Advanced Computing in the Age of AI|Tuesday, September 29, 2020
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‘Shadow IoT’ Undermining Network Security 

The majority of Internet of Things transactions are unsecured, adding a new enterprise security threat as industrial and retail IoT traffic begins to ramp up.

An enterprise IoT survey released this week by security vendor Zscaler found an “exponential” increase in malware attacks on vulnerable IoT networks. Zscaler said it detected about 14,000 IoT-based malware exploits per month, a seven-fold increase over the previous year.

The vulnerabilities for enterprise IoT deployments have been exacerbated by the rise of “shadow IT,” so-called because employees are bringing more unauthorized devices like smart watches into the workplace. “IT and security teams often won’t know these devices are on the corporate network nor how they impact an organization’s overall security posture,” the survey warned.

As a result, new exploits are targeting unauthorized devices, including botnets that scan for vulnerabilities in network and IP cameras and other consumer devices connected to corporate networks.

“Employees are exposing enterprises to a large swath of threats by using personal devices, accessing home devices and monitoring personal entities through corporate networks,” said Deepen Desai, Zscaler’s vice president of security research. “We need to implement security strategies that safeguard enterprise networks by removing shadow IoT devices from the attack surface while continuously improving detection and prevention of attacks that target these devices.”

Those security strategies have yet to be implemented as IoT traffic increases. While manufacturing and retail customers combined accounted for about 56 percent of IoT traffic volume, most transactions were insecure. The Zscaler survey found that only 17 percent of transactions used secure sockets layer encryption. The vast majority use unprotected plain-text channels.

Zscaler advocates a “zero trust” approach to shadow IoT ensuring that any communication is between authorized users and known devices. That approach would help “reduce the IoT attack surface,” the survey concludes.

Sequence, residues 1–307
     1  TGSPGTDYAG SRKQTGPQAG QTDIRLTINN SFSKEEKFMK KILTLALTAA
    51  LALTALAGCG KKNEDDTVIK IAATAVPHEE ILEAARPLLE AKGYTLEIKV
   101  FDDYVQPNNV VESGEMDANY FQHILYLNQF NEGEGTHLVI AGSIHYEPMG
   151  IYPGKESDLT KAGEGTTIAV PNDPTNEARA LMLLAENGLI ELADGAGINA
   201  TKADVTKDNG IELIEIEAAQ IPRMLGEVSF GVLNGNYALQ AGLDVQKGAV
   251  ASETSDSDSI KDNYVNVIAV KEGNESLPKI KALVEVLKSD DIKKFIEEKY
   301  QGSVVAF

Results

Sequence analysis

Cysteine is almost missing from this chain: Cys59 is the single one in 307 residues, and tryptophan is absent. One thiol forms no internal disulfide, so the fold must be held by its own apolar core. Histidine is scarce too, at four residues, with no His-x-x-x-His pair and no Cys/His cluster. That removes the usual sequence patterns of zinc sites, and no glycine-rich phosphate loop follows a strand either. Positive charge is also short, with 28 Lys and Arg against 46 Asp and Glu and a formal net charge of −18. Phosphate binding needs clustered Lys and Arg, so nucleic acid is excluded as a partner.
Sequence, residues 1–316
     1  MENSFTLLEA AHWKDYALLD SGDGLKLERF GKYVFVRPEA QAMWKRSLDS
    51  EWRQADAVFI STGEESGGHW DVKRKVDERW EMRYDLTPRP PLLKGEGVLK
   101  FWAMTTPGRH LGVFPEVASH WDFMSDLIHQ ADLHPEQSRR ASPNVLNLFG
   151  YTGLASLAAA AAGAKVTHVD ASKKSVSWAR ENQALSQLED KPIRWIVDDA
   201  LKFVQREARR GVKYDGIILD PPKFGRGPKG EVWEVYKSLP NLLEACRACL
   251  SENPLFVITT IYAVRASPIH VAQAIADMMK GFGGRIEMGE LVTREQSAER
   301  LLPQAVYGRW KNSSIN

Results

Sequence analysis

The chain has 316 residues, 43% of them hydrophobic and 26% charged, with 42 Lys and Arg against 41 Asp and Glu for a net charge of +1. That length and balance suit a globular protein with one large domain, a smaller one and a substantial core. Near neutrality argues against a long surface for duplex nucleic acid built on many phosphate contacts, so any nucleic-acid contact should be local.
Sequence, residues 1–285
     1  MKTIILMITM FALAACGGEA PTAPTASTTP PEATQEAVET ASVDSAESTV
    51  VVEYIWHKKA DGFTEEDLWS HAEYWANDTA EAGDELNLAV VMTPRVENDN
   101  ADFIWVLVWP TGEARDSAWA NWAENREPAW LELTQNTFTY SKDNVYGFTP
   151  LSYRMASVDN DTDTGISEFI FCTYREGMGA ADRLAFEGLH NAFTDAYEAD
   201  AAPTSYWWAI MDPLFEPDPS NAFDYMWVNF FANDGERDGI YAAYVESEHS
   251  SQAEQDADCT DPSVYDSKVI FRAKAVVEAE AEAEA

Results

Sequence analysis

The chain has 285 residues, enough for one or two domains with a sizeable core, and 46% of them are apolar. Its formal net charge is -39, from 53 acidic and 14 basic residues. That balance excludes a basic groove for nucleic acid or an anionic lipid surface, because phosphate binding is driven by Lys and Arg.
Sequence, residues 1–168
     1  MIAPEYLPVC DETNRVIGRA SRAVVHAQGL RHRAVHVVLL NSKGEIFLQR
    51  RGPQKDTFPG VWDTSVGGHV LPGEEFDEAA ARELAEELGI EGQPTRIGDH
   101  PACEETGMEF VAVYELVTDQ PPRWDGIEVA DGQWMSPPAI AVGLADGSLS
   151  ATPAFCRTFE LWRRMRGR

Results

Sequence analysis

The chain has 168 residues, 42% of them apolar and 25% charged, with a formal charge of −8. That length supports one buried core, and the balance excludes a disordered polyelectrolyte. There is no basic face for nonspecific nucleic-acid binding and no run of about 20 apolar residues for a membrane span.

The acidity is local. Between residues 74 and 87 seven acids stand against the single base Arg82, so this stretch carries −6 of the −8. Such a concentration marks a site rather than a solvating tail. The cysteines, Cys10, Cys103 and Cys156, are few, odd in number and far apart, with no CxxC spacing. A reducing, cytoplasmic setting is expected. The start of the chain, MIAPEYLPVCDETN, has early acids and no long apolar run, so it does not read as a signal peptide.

Zscaler said its results are based on its analysis of nearly 500 million IoT transactions from more than 2,000 organizations over a two-week period. The survey revealed 553 different IoT devices from more than 200 manufacturers. Security experts note that many of these devices rely on easily-hacked default settings.

Source: Zscaler

Meanwhile, ransomware is another growing security threat for industrial and operational technology networks—the latter used, for example, in the energy industry. A recent ransomware attack on a U.S. natural gas facility has heightened concerns about the security of the nation’s critical infrastructure.

According to the U.S. Cybersecurity and Infrastructure Security Agency, attackers gained access via an IT network, then jumped onto an operational network controlling a natural gas compression plant. “There have been constant warnings from cyber experts about the need for operational and IT networks to be separated. Cyber attackers should not be able to pivot to the OT network from IT facilities,” said David Bicknell, a security analyst with GlobalData.

-Editor's note: This story has been updated to include a list of "shadow" IoT devices.

About the author: George Leopold

George Leopold has written about science and technology for more than 30 years, focusing on electronics and aerospace technology. He previously served as executive editor of Electronic Engineering Times. Leopold is the author of "Calculated Risk: The Supersonic Life and Times of Gus Grissom" (Purdue University Press, 2016).

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